National_Cowboy_&_Western_Heritage_Museum

National Cowboy & Western Heritage Museum

The National Cowboy & Western Heritage Museum is a museum in Oklahoma City, Oklahoma. It houses more than 28,000 Western and American Indian art works and artifacts. The facility is also home to the most extensive collection of American rodeo, photographs, barbed wire, saddlery, and early rodeo trophies in the world. The Museum collections focus on preserving and interpreting the heritage of the American West. Occasionally, the Museum becomes an art gallery, during an annual Prix de West Invitational Art Exhibition and Sale each year in June. The Prix de West Artists sell original works of art as a fund raiser for the Museum.

History

It was established in 1955 as the Cowboy Hall of Fame and Museum, from an idea proposed by Chester A. Reynolds, to honor the cowboy and his era. Later that same year, the named was changed to the National Cowboy Hall of Fame and Museum. In 1960 the name was changed aqain to the "National Cowboy Hall of Fame and Western Heritage Center." The American Association of Museums gave the museum full accreditation in 2000, the year the museum took on its present name.

To maintain the memory of the founder, the museum grants the Chester A. Reynolds Memorial Award. This prize is granted to a person or institution contributing in the preservation of American West History and Heritage.

Exhibits

The museum encompasses more than of display space, The museum's collection includes over 2,000 works of western art, the "William S. and Ann Atherton Art of the American West Gallery". There is a exhibit space which contains landscapes, portraits, colorful still lifes and sculptures by 19th and 20th-century artists. It includes over 200 works by Charles Marion Russell, Frederic Remington, Albert Bierstadt, Solon Borglum, Thurmond Restuettenhall Robert Lougheed, Charles Schreyvogel and other early artists lead to the Museum's prize collection of contemporary Western art created over the last 30 years by award-winning Prix de West artists. The collection also includes over 700 pieces by Edward S. Curtis, and over 350 from Joe DeYong.

The historical galleries include the American Cowboy Gallery, a look at the life and traditions of a working cowboy and ranching history; the American Rodeo Gallery, fashioned after a 1950s rodeo arena, provides a look at America's native sport; the Joe Grandee Museum of the Frontier West Gallery, which exhibits some of the more than 4,500 artifacts once belonging to Western artist Joe Grandee; the Native American Gallery, focusing on the embellishments that Western tribes made to their everyday objects to reflect their beliefs and histories, and; the Weitzenhoffer Gallery of Fine American Firearms, which houses over a hundred examples of firearms, by Colt, Remington, Smith & Wesson, Sharps, Winchester, Marlin, and Parker Brothers, used to tame the West.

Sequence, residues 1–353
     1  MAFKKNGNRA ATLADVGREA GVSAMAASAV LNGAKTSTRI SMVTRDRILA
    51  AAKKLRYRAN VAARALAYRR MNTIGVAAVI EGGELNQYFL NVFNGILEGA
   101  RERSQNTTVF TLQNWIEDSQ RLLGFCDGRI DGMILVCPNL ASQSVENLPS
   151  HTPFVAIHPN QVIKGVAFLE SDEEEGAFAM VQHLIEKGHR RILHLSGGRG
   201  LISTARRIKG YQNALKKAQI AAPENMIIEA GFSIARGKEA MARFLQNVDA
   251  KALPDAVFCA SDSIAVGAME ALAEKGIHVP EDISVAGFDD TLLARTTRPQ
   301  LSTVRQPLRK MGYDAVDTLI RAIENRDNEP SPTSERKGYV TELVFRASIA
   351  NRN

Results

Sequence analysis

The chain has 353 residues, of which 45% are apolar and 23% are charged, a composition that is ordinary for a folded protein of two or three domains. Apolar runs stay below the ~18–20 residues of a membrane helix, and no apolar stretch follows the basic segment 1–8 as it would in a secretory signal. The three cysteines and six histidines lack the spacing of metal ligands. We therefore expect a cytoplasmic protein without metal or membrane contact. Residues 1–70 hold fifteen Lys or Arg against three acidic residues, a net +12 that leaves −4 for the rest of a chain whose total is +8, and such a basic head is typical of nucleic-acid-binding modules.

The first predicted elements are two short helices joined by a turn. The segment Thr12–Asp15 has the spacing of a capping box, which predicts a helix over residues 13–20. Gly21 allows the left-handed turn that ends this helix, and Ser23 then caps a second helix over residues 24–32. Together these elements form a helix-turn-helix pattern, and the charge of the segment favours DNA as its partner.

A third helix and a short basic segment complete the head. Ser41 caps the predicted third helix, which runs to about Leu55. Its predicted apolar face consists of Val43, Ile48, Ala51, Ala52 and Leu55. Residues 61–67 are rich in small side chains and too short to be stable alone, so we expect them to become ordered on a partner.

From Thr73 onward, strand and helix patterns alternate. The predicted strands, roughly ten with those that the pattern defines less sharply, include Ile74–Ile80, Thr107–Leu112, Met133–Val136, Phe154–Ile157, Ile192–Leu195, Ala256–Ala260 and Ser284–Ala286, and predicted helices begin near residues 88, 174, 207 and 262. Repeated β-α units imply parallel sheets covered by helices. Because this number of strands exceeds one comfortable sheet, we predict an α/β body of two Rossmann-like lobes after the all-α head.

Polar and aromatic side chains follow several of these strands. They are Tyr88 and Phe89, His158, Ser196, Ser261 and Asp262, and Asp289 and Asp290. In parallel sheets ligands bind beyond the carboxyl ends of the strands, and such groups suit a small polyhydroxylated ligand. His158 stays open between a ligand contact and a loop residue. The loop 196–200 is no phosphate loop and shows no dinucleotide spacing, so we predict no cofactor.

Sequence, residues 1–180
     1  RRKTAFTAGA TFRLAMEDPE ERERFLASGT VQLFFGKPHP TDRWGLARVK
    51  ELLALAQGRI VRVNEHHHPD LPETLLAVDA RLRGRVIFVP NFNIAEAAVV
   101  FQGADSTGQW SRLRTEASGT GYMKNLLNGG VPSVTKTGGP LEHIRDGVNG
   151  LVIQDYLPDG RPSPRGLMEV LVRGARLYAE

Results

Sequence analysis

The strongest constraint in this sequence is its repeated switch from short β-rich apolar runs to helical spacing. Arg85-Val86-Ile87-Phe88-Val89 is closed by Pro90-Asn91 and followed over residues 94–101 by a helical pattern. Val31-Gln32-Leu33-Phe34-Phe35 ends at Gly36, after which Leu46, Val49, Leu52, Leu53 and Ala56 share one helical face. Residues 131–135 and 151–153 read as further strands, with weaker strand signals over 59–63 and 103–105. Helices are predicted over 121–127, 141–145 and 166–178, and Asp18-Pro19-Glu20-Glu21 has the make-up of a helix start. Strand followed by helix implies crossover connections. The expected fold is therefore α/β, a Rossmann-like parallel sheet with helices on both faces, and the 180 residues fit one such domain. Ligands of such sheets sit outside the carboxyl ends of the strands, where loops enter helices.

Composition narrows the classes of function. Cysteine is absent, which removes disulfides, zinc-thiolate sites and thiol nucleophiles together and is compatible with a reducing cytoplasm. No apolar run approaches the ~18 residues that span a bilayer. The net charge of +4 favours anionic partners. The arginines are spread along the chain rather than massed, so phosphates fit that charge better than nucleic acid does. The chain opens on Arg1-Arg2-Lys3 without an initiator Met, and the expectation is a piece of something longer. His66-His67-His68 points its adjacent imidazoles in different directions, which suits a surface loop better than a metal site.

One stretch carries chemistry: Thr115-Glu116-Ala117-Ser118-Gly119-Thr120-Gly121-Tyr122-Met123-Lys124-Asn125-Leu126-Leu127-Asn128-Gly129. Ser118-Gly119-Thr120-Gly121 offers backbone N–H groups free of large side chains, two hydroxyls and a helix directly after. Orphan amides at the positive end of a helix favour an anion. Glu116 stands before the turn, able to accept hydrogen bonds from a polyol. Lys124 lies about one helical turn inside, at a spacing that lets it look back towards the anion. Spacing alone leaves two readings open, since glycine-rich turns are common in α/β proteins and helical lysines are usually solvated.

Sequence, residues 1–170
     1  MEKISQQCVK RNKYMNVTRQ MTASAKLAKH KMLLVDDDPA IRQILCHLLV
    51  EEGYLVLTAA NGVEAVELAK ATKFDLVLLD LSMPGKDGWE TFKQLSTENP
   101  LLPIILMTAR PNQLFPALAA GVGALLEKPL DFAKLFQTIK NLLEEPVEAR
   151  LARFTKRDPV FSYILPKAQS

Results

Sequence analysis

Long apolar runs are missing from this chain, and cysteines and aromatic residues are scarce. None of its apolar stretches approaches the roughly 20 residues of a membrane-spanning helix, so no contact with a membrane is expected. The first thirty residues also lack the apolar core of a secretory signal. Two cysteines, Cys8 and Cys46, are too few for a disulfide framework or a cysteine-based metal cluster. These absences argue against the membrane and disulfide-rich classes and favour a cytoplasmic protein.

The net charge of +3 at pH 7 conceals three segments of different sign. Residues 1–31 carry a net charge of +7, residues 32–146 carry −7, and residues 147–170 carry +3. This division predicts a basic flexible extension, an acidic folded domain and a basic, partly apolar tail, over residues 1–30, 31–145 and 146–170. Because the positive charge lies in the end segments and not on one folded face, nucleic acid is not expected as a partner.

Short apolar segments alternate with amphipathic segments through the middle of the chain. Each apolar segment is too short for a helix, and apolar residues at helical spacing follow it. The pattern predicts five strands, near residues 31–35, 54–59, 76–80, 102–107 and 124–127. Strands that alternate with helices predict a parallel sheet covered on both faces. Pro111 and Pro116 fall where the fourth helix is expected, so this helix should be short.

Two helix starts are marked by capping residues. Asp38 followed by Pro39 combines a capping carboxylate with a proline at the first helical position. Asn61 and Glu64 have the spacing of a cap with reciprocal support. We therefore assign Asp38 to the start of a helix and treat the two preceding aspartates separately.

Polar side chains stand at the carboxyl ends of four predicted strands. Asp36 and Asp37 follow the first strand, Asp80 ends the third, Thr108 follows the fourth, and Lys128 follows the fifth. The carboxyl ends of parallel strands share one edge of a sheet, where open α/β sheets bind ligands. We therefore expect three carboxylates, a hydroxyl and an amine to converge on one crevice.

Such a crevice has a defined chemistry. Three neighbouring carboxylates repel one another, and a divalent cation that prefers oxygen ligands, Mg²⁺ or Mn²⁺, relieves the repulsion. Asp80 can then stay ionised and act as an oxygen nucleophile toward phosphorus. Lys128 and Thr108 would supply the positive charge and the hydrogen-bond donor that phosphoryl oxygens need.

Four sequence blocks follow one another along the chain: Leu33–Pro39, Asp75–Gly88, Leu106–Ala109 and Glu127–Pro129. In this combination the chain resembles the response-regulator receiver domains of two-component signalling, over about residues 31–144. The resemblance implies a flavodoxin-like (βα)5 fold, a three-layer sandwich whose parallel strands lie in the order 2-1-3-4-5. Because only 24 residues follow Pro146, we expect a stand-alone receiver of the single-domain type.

The Museum also houses Prosperity Junction, a authentic turn-of-the-century Western prairie town. Visitors can stroll the streets, peek in some of the store windows and actually walk into some of the fully furnished buildings. The town comes alive with historical figures once a year during the Museum's annual holiday open house, "A Night Before Christmas".

Western Heritage Awards

Every year the Museum gives "The Wrangler", an original bronze sculpture by artist John Free. It is awarded annually during the Western Heritage Awards to principal creators of the winning entries in specified categories of Western literature, music, film and television. Past winners have included Owen Wister, William S. Hart, Tom Mix, Hoot Gibson, Ken Maynard, Tim McCoy, Harry Carey, Roy Rogers, Gene Autry, Tex Ritter, Rex Allen, John Wayne, Randolph Scott, Joel McCrea, Richard Widmark, James Stewart, Buck Taylor, Howard R. Lamar, Ben Johnson and Tom Selleck.

The Rodeo Hall of Fame recipients are not honored during the Western Heritage Awards. They celebrate at another event and inductees receive medallions instead of "The Wrangler".

Halls of Fame

The Museum includes three Halls of Fame, including The Hall of Great Westerners for actual people who lived through the frontier era to present. Other halls include the Hall of Great Western Performers, for actors only, and the Rodeo Hall of Fame.

External links

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